Batt debates Belcarra in parliament
BUNDABERG MP David Batt said in parliament that he supported laws that aimed to increase the transparency of local councillors.
But while he voted for the second stage of the Belcarra legislation which passed unanimously in the Queensland parliament on Wednesday, he said there were aspects which the Queensland Government took too far.
This included the proposed mandatory preferential voting, which could potentially have impacted the local government election next March, but was removed from the final legislation.
"The minister's last-minute decision to ditch the cynical, forceful plan is good news for local government democracy," Mr Batt said.
"If it had gone ahead, the voting reforms would have resulted in significantly higher council rates and electoral confusion right across the state, all in a bid to shore up Labor's vote in the Brisbane City Council elections."
Debated at the same time was legislation which will allow prisoners serving a sentence of less than three years to be allowed to vote.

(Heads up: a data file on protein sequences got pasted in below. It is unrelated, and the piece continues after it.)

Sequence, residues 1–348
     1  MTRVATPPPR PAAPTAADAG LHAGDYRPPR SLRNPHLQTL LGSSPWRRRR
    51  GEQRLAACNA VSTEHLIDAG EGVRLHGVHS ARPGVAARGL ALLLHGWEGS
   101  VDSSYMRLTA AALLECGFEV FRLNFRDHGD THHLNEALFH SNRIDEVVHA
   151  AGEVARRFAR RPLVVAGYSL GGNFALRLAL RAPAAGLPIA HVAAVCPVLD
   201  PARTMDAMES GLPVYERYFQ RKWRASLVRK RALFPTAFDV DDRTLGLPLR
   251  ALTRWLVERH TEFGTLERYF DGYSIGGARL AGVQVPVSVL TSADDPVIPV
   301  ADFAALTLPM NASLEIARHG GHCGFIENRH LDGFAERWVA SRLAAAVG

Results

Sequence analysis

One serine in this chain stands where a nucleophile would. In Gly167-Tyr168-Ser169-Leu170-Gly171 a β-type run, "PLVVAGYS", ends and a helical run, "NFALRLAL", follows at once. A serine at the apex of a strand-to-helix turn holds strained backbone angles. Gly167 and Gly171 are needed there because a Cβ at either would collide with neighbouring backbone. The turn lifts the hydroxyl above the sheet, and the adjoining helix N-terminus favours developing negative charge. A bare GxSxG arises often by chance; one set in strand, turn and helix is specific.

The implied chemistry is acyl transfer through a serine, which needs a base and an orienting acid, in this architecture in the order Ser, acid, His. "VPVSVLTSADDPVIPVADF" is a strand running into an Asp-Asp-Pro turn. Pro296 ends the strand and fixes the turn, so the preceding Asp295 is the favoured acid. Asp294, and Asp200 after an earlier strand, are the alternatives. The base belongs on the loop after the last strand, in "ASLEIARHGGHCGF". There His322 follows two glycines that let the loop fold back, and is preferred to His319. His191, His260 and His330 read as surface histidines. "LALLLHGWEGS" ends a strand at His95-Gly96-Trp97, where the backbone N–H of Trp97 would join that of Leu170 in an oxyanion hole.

This was something Mr Batt did not agree with.
"A person serving a sentence of imprisonment, no matter the length of sentence, is not a law-abiding citizen and there should be no discretion for those who are serving shorter sentences," he said.
Local Government minister Stirling Hinchliffe said the aim of the legislation was to impose the same obligations on councillors as state ministers.
"The reforms contained in this bill will mean that councillors are not involved in the day-to-day operations of council, but will instead allow them to focus on the strategic and community issues that they are elected to do," he said.
"The mayor and the councillors have and will continue to have the necessary powers to drive the local government's agenda, including appointing the chief executive officer and affecting all significant decisions and policies, such as the budget and organisational structure.
"Members should not believe the hype from some of those opposite. The proposed amendments in no way prevent the chief executive officer from consulting with the mayor and councillors about the appointment of senior executive employees."